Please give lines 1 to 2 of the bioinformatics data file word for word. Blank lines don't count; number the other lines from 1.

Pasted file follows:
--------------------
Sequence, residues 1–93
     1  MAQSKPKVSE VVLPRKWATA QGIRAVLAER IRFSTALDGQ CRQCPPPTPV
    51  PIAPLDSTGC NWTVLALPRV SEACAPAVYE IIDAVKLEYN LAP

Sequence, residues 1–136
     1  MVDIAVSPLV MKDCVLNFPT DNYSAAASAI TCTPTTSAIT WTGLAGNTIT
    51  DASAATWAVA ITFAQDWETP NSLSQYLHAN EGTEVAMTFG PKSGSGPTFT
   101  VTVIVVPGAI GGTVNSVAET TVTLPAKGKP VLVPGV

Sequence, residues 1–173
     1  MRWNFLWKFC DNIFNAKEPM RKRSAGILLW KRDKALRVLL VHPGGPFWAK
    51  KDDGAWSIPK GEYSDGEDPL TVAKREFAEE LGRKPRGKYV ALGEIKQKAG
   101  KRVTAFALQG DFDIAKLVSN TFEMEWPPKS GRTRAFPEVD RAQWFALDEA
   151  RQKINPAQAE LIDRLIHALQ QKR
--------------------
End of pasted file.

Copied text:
Sequence, residues 1–93
     1  MAQSKPKVSE VVLPRKWATA QGIRAVLAER IRFSTALDGQ CRQCPPPTPV